This is not the English masque _Acis and Galathea_ but an earlier effort on the same story composed during the composer's youthful tour of Italy, described as a "serenade for three voices." It is deliciously scored, a perfect gem. All the parts work well–duets, ensembles, solos, and recitatives. It doesn't hold the stature of his later oratorio and operatic output, but it deserves equal renown for its pleasures are indisputable. With such refined yet expressive singing, you won't be disappointed to hear, in earlier guises, passages more familiar from Rinaldo and elsewhere.
Acis and Galatea (HWV 49) was originally a masque composed by George Frideric Händel. He first composed this piece while he was living at Cannons (the seat of James Brydges, 1st Duke of Chandos) during the summer of 1718. It is set to a libretto by John Gay, Alexander Pope, and John Hughes, who borrowed freely from John Dryden's English translation of Ovid published in 1717, The Story of Acis, Polyphemus and Galatea...
The magnificent Christopher Purves performs a recital of Handel’s bass arias. This unique collection demonstrates the range and brilliance of Handel’s writing for this voice, featuring a selection from Italian and English operas, English classical drama, Biblical oratorios, literary odes and a masque. Handel’s endlessly imaginative gift for characterization is fully explored here, with Purves commanding an extraordinary emotional and technical range from the buffo blustering of Polyphemus in Acis and Gatalea to the loving musings of Abinoam in ‘Tears, such as tender fathers shed’ from the oratorio Deborah.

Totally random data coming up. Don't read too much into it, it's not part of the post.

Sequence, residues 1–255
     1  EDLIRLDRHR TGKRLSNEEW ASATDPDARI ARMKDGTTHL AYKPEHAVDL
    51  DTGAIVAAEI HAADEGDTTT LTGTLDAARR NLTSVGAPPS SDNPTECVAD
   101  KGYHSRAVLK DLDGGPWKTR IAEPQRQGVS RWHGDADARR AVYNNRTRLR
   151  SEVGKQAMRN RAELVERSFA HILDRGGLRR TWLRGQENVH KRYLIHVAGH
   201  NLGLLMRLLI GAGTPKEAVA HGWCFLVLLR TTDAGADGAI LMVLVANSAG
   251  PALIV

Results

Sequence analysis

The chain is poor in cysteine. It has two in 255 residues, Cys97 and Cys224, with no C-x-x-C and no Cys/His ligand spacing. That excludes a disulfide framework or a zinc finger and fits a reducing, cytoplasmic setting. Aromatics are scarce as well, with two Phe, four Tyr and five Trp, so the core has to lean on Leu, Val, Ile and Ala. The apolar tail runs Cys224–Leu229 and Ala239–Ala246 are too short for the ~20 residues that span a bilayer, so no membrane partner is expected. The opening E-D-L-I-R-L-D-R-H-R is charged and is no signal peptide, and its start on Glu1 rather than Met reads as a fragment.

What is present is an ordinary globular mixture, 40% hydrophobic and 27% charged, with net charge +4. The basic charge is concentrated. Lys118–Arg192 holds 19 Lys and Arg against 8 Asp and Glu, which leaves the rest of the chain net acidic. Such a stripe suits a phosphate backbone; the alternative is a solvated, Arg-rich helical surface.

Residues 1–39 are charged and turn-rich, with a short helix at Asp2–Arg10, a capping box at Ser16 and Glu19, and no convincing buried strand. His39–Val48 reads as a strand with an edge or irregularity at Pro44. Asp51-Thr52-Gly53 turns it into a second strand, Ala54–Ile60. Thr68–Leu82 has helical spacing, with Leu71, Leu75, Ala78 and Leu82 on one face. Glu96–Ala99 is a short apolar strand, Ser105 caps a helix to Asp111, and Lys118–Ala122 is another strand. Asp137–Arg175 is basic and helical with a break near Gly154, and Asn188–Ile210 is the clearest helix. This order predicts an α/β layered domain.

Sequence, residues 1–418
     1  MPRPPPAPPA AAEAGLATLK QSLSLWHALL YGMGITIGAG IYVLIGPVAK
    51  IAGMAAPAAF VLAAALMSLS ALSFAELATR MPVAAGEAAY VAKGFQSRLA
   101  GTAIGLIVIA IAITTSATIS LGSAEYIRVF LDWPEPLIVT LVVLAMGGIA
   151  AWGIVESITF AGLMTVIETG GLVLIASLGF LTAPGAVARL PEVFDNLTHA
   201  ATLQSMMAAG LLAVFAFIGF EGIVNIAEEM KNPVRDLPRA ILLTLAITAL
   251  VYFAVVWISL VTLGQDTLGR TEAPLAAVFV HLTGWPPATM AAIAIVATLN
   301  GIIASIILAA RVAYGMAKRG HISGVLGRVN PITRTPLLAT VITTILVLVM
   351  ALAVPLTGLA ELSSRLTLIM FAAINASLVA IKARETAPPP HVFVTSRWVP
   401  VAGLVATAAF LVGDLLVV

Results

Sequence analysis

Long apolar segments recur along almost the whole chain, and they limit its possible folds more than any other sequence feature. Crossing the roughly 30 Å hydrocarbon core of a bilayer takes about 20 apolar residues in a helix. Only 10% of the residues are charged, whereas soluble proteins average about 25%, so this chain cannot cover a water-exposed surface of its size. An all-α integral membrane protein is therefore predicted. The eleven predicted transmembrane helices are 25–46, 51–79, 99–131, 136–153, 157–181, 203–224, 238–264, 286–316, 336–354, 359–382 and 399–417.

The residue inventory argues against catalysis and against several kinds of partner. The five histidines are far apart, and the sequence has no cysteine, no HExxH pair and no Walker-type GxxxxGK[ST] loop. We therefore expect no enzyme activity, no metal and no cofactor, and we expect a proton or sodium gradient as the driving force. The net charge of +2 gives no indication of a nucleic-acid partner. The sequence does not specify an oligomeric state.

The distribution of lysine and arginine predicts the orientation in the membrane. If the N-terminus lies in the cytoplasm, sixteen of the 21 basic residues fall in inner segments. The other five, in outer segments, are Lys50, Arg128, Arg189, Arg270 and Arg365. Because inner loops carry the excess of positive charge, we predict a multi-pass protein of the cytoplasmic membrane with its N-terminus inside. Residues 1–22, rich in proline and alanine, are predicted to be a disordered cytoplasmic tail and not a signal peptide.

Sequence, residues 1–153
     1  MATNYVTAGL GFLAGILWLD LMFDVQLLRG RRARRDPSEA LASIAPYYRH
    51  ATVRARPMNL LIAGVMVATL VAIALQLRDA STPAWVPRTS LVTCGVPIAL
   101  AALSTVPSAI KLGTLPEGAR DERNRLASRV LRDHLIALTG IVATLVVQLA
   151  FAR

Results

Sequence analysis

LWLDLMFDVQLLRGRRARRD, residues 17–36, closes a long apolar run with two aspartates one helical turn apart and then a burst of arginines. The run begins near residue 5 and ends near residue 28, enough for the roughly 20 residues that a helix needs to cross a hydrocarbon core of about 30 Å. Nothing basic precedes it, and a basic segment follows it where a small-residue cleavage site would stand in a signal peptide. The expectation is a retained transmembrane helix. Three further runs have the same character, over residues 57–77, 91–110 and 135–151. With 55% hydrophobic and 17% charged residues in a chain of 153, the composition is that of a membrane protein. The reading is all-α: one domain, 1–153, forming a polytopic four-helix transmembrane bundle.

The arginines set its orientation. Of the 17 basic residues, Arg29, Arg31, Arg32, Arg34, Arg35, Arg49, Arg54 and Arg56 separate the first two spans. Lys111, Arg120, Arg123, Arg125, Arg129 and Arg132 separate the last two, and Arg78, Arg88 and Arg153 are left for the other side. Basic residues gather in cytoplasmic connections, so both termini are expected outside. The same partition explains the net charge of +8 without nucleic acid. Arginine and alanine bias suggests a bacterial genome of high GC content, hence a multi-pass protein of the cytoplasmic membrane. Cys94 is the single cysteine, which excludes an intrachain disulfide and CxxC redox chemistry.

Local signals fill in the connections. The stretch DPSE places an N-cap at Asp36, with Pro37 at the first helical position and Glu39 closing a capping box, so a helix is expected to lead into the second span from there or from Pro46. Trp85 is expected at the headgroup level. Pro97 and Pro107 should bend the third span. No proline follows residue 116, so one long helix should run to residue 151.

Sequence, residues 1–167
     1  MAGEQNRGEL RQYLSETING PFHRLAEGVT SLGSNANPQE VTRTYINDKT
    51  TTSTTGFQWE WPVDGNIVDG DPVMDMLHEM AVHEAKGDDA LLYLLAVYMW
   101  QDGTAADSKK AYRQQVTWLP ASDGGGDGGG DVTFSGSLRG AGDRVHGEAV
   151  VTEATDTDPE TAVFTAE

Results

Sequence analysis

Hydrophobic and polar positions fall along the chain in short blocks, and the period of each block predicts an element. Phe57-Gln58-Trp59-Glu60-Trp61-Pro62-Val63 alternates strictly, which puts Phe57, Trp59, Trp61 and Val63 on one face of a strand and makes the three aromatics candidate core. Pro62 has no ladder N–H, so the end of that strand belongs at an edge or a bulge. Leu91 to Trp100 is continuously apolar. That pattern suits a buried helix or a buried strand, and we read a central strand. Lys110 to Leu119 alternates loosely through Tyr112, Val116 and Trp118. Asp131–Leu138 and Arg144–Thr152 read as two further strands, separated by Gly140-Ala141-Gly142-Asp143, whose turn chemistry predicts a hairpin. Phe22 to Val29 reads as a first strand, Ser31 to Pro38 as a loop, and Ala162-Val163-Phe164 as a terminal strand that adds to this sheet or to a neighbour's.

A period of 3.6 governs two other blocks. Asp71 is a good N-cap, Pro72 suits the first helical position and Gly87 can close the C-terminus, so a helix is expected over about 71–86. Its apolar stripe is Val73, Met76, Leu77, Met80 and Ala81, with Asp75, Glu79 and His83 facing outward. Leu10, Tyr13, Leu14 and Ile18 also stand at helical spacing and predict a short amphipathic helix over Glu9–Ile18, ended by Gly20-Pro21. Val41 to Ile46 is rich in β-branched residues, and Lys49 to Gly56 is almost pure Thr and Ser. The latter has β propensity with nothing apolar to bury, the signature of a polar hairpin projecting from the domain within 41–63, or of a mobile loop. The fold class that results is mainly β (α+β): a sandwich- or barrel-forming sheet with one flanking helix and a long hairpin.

Brilliant Classics continues its famous Composer Edition series with one of the giants of the Baroque, George Frideric Handel, the celebrated German who settled in London. Having absorbed the German and Italian styles of his time he formed his own distinctive musical language, which, while following the current fashions and audience preferences, retained his own deep humanity and inner power.
The series consisted of 105 episodes originally screened between 1964 and 1968. It was produced by Arena Productions using the studios of Metro-Goldwyn-Mayer. The first season was broadcast in black-and-white. Ian Fleming contributed to the concepts after being approached by the show's co-creator, Norman Felton. The book The James Bond Films says Fleming proposed two characters, Napoleon Solo and April Dancer (The Girl from U.N.C.L.E.). The original name was Ian Fleming's Solo. Robert Towne, Sherman Yellen, and Harlan Ellison wrote scripts for the series. Author Michael Avallone, who wrote the first original novelisation based upon the series (see below), is sometimes incorrectly cited as the show's creator.